© Copyright Policy
Related In: Results  -  Collection

License
Show All Figures
getmorefigures.php?uid=PMC4581869&req=5

pone.0138958.g005: Topical CLU binds selectively to the ocular surface subjected to desiccating stress, and to LGALS3 in vitro.(A) The standard desiccating stress (DS) protocol was applied for 5-days to create ocular surface disruption. Non-stressed (NS) mice housed under normal ambient conditions were included for comparison. Eyes were treated with CF-594-anti-His antibody that binds to the His tag of recombinant human CLU (rhCLU), or with a complex of the antibody-rhCLU for 15 min, followed by confocal imaging of central cornea. Images were taken at 10X magnification. Scale bar = 100 um. (B) A DS eye was treated with a complex of the antibody-rhCLU (red) as in (A), as well as a fluorescent membrane tracer DiO (green). Images were taken at 20X magnification. In the left panel only CLU was projected. The right three panels show one Z-section plane with cross-sections oriented to the XY, YZ, and XZ axes, generated using Image J software. Yellow indicates regions of co-localization of the red and green signal. Scale bar = 100 um. (C) LGALS3-Sepharose affinity column chromatography. 1.5 ug rhCLU was applied to a 300 uL LGALS3 affinity column equilibrated in PBS containing 0.1% Triton X-100 (PBST) and the column was washed with PBST. To test sugar-binding specificity, the column was then treated sequentially with a non-competing disaccharide, sucrose (0.1 M), and then a competing disaccharide, 0.1 M lactose, dissolved in PBST. Western blotting was used to quantify CLU in the resulting fractions. Loading of the “Lac” lane represents a 1:10 dilution of the input and the “Beads” lane is a 1:4 dilution of the input, thus ~2.5X more CLU was Lac-eluted than retained on the beads. FT = flow-through; Suc = sucrose; Lac = lactose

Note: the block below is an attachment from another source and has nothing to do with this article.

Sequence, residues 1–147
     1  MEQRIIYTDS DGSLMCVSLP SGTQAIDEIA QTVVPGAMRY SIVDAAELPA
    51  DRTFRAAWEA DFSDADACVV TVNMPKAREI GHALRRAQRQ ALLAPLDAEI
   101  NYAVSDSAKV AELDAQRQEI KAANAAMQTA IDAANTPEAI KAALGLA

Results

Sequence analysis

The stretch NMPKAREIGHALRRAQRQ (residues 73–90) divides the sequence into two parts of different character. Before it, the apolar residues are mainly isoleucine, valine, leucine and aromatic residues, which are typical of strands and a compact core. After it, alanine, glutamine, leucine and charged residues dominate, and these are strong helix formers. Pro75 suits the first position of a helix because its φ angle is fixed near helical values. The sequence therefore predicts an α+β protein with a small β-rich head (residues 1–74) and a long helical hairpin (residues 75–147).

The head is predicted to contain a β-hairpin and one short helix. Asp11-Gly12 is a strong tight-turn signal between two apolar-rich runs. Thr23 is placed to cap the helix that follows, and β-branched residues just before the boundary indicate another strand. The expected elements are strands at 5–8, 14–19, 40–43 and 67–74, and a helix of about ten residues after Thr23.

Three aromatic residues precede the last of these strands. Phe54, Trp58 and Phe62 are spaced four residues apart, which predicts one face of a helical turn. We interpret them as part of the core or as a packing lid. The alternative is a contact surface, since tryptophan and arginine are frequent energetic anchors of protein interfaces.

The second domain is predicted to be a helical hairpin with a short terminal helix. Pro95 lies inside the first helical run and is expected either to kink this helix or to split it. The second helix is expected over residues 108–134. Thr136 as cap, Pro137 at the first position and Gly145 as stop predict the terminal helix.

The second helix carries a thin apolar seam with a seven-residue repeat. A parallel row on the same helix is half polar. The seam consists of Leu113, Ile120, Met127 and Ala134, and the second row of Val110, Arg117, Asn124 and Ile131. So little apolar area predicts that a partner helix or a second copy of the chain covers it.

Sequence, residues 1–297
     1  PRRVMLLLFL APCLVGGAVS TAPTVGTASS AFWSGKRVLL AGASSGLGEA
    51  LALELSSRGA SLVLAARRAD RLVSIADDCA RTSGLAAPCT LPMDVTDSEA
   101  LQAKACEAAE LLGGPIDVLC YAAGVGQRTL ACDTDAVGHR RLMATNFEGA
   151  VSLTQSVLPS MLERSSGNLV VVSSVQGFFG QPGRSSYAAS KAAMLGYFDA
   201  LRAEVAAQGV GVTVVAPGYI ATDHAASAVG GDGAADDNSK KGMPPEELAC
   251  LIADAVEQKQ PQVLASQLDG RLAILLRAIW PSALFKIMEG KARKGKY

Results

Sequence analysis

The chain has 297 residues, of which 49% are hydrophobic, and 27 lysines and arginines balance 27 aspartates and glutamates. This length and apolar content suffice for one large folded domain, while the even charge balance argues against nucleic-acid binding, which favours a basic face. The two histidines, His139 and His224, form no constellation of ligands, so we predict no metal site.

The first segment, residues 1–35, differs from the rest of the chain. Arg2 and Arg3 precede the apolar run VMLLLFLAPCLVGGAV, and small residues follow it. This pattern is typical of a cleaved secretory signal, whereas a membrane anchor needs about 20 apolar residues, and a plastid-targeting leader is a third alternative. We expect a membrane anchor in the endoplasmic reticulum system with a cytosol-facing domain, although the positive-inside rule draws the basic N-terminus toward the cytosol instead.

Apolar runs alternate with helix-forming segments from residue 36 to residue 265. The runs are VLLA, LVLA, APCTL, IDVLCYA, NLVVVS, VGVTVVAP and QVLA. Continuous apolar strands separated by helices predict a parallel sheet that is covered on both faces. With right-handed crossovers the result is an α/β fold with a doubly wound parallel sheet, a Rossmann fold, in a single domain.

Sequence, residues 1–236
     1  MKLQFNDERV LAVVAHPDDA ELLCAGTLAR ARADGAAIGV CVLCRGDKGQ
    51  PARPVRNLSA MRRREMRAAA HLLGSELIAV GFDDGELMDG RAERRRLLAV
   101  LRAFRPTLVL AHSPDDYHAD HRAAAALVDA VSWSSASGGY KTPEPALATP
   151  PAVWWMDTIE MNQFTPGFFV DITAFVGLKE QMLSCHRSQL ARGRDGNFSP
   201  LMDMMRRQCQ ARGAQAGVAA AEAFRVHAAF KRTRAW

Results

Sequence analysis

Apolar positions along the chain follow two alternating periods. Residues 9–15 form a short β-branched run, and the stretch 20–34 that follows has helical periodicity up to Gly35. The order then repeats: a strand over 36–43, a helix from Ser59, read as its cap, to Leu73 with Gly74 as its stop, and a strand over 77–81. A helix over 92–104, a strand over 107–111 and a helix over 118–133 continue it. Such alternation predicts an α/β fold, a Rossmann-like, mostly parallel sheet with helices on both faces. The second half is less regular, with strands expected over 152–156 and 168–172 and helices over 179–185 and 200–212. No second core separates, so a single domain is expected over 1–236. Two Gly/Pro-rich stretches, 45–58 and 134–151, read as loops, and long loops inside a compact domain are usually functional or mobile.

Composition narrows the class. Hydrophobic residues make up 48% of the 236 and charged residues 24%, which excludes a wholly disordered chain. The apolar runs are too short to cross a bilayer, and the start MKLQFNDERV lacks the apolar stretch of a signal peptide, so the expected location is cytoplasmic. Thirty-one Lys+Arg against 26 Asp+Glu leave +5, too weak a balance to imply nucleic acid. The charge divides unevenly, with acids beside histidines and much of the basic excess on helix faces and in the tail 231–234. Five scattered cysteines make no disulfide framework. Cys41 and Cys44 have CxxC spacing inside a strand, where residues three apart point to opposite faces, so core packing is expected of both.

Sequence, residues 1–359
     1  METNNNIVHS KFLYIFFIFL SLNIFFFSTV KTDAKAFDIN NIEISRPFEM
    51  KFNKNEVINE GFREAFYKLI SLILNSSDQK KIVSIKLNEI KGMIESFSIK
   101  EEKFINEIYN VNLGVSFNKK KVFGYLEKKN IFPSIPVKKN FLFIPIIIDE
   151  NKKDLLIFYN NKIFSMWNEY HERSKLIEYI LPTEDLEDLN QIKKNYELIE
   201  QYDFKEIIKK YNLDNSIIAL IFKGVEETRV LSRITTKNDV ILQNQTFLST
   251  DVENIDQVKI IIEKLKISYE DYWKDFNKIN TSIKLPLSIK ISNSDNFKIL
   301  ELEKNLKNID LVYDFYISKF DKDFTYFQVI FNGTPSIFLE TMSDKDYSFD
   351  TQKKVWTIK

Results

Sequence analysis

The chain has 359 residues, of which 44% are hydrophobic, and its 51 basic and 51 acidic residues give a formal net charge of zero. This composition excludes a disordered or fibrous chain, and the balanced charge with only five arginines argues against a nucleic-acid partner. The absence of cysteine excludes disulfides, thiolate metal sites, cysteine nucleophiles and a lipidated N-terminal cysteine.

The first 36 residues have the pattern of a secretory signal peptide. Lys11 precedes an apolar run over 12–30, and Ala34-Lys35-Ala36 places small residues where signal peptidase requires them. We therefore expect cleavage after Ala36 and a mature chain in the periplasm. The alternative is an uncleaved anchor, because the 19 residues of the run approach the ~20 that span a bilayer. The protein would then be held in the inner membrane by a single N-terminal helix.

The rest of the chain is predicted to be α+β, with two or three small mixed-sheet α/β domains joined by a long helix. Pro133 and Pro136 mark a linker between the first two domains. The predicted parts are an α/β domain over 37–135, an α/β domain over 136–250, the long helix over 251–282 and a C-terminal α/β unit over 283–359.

Mentions: To visualize CLU binding to the ocular surface, we used the technique of direct immunostaining with an antibody conjugated to CF-594 dye. To differentiate topically applied rhCLU from endogenous CLU, we took advantage of the C-terminal His tag incorporated into the rhCLU molecule. Representative results are shown in Fig 5A. Eyes subjected to desiccating stress, then treated with CF-594 dye conjugated anti-His antibody alone, showed some diffuse fluorescence over the ocular surface subjected to desiccating stress. However, when the ocular surface of these mice was treated with rhCLU, substantial punctate binding of dye-conjugated antibody to the ocular surface subjected to desiccating stress was observed, indicating the location of direct CLU binding. In contrast, the NS eye showed far less binding. In a second set of experiments, the fluorescent lipophilic membrane tracer DiO was used to delineate individual cells. Representative results are shown in Fig 5B. This showed that the CLU “spots” were approximately the size of cells. In some cases, the CLU spots (red) filled the entire area of individual cells marked by the dyed membrane (green), overlapping completely (yellow color). In other cases, CLU spots were clearly separate.